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Tazria

  
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 13:1  13:2
13:2 If a person has a [white] blotch, discoloration or spot on the skin of his body, and it [is suspected] of being a mark of the leprous curse on his skin, he shall be brought to Aaron, or to one of his descendants, who are the priests.
Adam ki-yihyeh ve'or-besaro set o-sapachat o vaheret vehayah ve'or-besaro lenega tsara'at vehuva el-Aharon hakohen o el-achad mibanav hakohanim.



Commentary:

white blotch
  (cf. Saadia) Se'eth in Hebrew. This is a mark of leprosy (see Leviticus 14:56), which is specifically described as being white (13:10,19). According to Talmudic tradition, it is the color of clean white wool (Negaim 1:1; Yad, Tumath Tzaraath 1:2). According to one opinion, it is the color of the membrane of an egg (Rabbi Meir, Negaim 1:1).

According to many sources, the word se'eth comes from the root nasa meaning 'raised' (cf. Genesis 4:7, 49:3). This is because it appears higher than the skin, even though it is not physically higher (Sifra; cf. Gra ad loc.; Yad, Tumath Tzaraath 1:7; Rash, Negaim 1:1; Radak, Sherashim; Chizzkuni; Ralbag). Since the skin is somewhat translucent, an opaque white patch will appear to be raised (see note on bahereth).

According to others, however, a se'eth is an actual swelling or raised spot (Shevuoth 6b; Raavad on Tumath Tzaraath 1:7). It may thus be a sort of white wart or mole (Ibn Janach). The Septuagint translates it as oulie which can denote a 'barleycorn,' hence, possibly, a subcutaneous nodule.

Later, we see that a bahereth can turn out to be a 'se'eth due to a burn' (Leviticus 13:28). It is recognized as a se'eth by the fact that it does not spread. Similarly, in other places where the se'eth is discussed, it is seen as a mark that does not normally spread (Leviticus 13:10, 10, 43), but is declared unclean for other reasons. Nevertheless, however, if a se'eth spreads, it is a sign of uncleanness.

Since se'eth is associated with a burn (Leviticus 13:28), some authorities associate it with a burn of inflammation (Ibn Ezra; Radak, Sherashim; Ibn Janach; cf. Ramban). Some see the Septuagint's translation of oulie as denoting a scar or cicatrix.

discoloration
  (cf. Saadia). Sapachath in Hebrew. According to Talmudic tradition, this is a secondary type of mark, of a slightly duller white than a se'eth (Shevuoth 6b; Sifra; Radak, Sherashim; Ibn Janach). According to tradition, it is the color of egg membrane (Negaim 1:1; Yad, Tumath Tzaraath 1:2). According to some, it is the color of white wool, brighter than se'eth but duller than bahereth (Rabbi Meir, Negaim 1:1; Tifereth Yisrael ad loc. 1:8).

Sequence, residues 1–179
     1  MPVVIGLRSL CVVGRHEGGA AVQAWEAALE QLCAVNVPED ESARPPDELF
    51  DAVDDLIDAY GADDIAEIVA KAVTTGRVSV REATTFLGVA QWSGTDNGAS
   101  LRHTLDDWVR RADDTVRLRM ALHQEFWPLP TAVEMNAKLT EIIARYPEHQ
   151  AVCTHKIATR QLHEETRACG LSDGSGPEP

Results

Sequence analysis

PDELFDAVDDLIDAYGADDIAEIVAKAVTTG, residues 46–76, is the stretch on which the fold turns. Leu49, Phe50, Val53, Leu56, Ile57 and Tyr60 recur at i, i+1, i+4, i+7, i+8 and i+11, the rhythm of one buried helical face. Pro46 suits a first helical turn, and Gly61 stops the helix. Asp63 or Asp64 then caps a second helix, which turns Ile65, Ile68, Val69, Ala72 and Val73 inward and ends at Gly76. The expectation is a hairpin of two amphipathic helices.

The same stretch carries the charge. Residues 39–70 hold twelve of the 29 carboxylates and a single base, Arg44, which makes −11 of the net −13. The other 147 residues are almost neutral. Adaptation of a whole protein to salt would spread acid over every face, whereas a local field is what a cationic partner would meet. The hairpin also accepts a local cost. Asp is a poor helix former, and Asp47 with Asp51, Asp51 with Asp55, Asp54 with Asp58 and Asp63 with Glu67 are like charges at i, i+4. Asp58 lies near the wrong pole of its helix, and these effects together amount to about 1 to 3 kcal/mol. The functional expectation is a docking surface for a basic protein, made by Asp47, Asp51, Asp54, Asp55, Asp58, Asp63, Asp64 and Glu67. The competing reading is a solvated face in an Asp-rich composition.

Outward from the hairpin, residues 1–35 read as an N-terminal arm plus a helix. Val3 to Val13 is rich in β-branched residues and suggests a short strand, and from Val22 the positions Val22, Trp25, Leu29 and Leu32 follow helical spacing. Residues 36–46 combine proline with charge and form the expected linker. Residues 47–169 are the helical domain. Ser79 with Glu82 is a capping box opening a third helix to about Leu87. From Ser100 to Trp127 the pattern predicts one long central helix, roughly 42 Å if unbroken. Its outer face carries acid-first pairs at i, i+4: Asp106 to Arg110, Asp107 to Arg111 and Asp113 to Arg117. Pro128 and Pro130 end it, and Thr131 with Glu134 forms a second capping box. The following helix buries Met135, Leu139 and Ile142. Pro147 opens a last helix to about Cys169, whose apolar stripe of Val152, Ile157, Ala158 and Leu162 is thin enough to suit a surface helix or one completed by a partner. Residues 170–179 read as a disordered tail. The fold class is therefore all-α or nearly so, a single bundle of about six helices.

According to some sources, sapachath denotes a scab (Ibn Ezra), a pustule (Radak, Sherashim), an eruption (Ibn Janach), a birthmark (Ibid.; Septuagint, siemasia in Greek) or a cuticular crust. Although it is seen as a leprous mark (Leviticus 14:56), it is not mentioned elsewhere in this section. The word sapachath, however, is related to mispachath, which is seen as a clean mark (Leviticus 13:6,7,8). Some interpret sapachath as a secondary or external symptom (HaKethav VeHaKabbalah).

spot
  (Saadia). Bahereth in Hebrew. Rashi also translates it as chabarburah, a spot (cf. Jeremiah 13:23), tiar in Old French (tache in Modern French). It is a highly visible spot (Ibn Ezra), that can be seen from a distance. The Septuagint thus translates it as telaugema which means a shiny or bright spot that can be seen from a distance.

The Torah explicitly describes a bahereth as a spot (Leviticus 13:38,39), that is white (Leviticus 13:4) or bright pink (Leviticus 13:19,24). According to Talmudic tradition, it is as white as snow, like Miriam's leprosy (Numbers 12:10; cf. Exodus 4:6; Negaim 1:1; See Sifra 2:2 on Leviticus 13:4; Radak, Sherashim).

The Talmud describes a bahereth as appearing lower than the skin (see Leviticus 13:4; Shevuoth 6b; Sifra, Rashi). This appears to indicate that it is a spot that is more transparent than the surrounding skin, and hence appears deeper (Yerioth Sh'lomo 2:46b; HaKethav VeHaKabbalah).

and it is suspected
  (Chizzkuni). Or, '[combining to] form a leprous mark on his skin' (Sifra, Hirsch). This teaches that the total area of the mark must be as great as a large bean (garis) (Negaim 6:1; Yad, Tumath Tzaraath 1:7). Thus, it must be approximately inch or 2 centimeters in diameter (Darkey Teshuvah 190:40; cf. Yad, Issurey Biyah 9:6; Yoreh Deah 190:5).

leprous curse
  Tzara'ath in Hebrew; lepra in Greek (Septuagint). The 'leprosy' or 'leprous curse' mentioned in the Torah is not Hansen's disease caused by the germ mycobacterium leprae. Rather it was a physical symptom of a spiritual defect, occurring primarily in individuals on a high spiritual level, whose body functions were subject to their spiritual state (cf. Yad, Tumath Tzaraath 16:10). Thus, a gentile having a leprous mark is not unclean (Negaim 3:1), and a bridegroom may delay having it examined (Negaim 3:2). It is seen as resulting from slander (cf. Numbers 12:10).





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